Fabry Disease, Full Gene Analysis
Confirmation of a diagnosis of classic or variant Fabry disease in affected males with reduced alpha-Gal A enzyme activity
Carrier or diagnostic testing for asymptomatic or symptomatic females, respectively
Clinical Information Discusses physiology, pathophysiology, and general clinical aspects, as they relate to a laboratory test
Fabry disease is an X-linked recessive disorder with an incidence of approximately 1 in 50,000 males. Symptoms result from a deficiency of the enzyme alpha-galactosidase A (alpha-Gal A). Reduced alpha-Gal A activity results in accumulation of glycosphingolipids in the lysosomes of both peripheral and visceral tissues.
Severity and onset of symptoms are dependent on the residual alpha-Gal A activity. Males with <1% alpha-Gal A activity have the classic form of Fabry disease. Symptoms can appear in childhood or adolescence and usually include acroparesthesias (pain crises), multiple angiokeratomas, reduced or absent sweating, and corneal opacity. By middle age, most patients develop renal insufficiency leading to end-stage renal disease, as well as cardiac and cerebrovascular disease. Males with >1% alpha-Gal A activity may present with a variant form of Fabry disease. The renal variant generally has onset of symptoms in the third decade. The most prominent feature in this form is renal insufficiency and, ultimately, end-stage renal disease. Individuals with the renal variant may or may not have other symptoms of classic Fabry disease. Individuals with the cardiac variant are often asymptomatic until they present with cardiac findings such as cardiomyopathy or mitral insufficiency later in life. The cardiac variant is not associated with renal failure.
Female carriers of Fabry disease can have clinical presentations ranging from asymptomatic to severe. Measurement of alpha-Gal A activity is not generally useful for identifying carriers of Fabry disease, as many of these individuals have normal levels of alpha-Gal A.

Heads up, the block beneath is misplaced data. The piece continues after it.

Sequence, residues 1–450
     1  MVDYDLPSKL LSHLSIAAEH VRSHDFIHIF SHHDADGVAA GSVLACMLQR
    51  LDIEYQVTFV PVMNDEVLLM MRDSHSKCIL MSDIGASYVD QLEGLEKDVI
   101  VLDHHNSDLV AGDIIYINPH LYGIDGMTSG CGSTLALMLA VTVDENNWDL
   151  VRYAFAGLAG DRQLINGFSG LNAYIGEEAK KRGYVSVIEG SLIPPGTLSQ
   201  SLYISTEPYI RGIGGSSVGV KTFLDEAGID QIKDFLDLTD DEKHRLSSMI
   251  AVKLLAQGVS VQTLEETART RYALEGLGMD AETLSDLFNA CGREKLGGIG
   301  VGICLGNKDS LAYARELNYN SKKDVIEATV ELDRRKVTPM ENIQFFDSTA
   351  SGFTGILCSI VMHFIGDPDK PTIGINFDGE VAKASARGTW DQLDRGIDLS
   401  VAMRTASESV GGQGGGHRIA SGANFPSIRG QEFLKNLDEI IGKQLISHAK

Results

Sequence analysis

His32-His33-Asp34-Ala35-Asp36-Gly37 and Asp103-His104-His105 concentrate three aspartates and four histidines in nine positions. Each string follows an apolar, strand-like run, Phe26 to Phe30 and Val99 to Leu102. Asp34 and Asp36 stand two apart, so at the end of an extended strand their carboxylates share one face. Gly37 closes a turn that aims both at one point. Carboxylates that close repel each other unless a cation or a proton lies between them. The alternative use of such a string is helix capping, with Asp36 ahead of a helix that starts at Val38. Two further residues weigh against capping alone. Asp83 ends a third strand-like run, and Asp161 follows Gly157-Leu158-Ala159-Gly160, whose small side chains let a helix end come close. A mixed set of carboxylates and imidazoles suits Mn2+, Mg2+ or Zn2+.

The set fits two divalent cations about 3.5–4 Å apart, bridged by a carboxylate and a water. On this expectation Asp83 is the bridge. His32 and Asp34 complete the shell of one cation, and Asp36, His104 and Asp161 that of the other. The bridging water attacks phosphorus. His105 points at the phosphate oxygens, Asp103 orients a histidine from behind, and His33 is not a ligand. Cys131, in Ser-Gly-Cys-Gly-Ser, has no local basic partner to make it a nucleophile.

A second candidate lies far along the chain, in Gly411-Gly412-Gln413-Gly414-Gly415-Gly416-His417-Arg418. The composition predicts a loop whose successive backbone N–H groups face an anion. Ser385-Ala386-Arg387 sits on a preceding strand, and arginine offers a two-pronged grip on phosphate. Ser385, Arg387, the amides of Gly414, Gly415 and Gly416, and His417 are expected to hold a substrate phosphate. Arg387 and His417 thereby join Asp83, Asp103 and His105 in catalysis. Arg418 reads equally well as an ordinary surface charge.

Mutations in the GLA gene result in deficiency of alpha-Gal A. Most of the mutations identified to date are family specific. Full sequencing of the GLA gene identifies over 98% of the sequence variants in the coding region and splice junctions. In addition, our assay detects the intron 4 mutation common in the Taiwanese population.(3)
See Fabry Disease: Newborn Screen-Positive Follow-up algorithm and Fabry Disease Testing Algorithm in Special Instructions.
Reference Values Describes reference intervals and additional information for interpretation of test results. May include intervals based on age and sex when appropriate. Intervals are Mayo-derived, unless otherwise designated. If an interpretive report is provided, the reference value field will state this.
An interpretive report will be provided.
All detected alterations will be evaluated according to the American College of Medical Genetics and Genomics (AMCG) recommendations. Variants will be classified based on known, predicted, or possible pathogenicity and reported with interpretive comments detailing their potential or known significance.
Cautions Discusses conditions that may cause diagnostic confusion, including improper specimen collection and handling, inappropriate test selection, and interfering substances
A small percentage of individuals who are carriers or have a diagnosis of Fabry disease may have a mutation that is not identified by this method (eg, large genomic deletions, promoter mutations). The absence of a mutation(s), therefore, does not eliminate the possibility of positive carrier status or the diagnosis of Fabry disease. For carrier testing, it is important to first document the presence of a GLA gene mutation in an affected family member.
In some cases, DNA alterations of undetermined significance may be identified.
Rare polymorphisms exist that could lead to false-negative or false-positive results. If results obtained do not match the clinical and biochemical findings, additional testing should be considered.
A previous bone marrow transplant from an allogenic donor will interfere with testing. Call Mayo Medical Laboratories for instructions for testing patients who have received a bone marrow transplant.
Test results should be interpreted in the context of clinical findings, family history, and other laboratory data. Errors in our interpretation of results may occur if information given is inaccurate or incomplete.
Clinical Reference Provides recommendations for further in-depth reading of a clinical nature
1. Germain DP: Fabry disease. Orphanet J Rare Dis. 2010 Nov 22;5:30
2. Wang RY, Lelis A, Mirocha J, Wilcox WR: Heterozygous Fabry women are not just carriers, but have a significant burden of disease and impaired quality of life. Genet Med 2007 Jan;9(1):34-35
3. Hwu WL, Chien YH, Lee NC, et al: Newborn screening for Fabry disease in Taiwan reveals a high incidence of the later-onset GLA mutation c.936+919G>A). Hum Mutat 2009:30(10):1397-1405
4. Richards CS, Bale S, Bellissimo DB, et al: ACMG recommendations for standards for interpretation and reporting of sequence variations: Revisions 2007. Genet Med 2008;10(4):294-300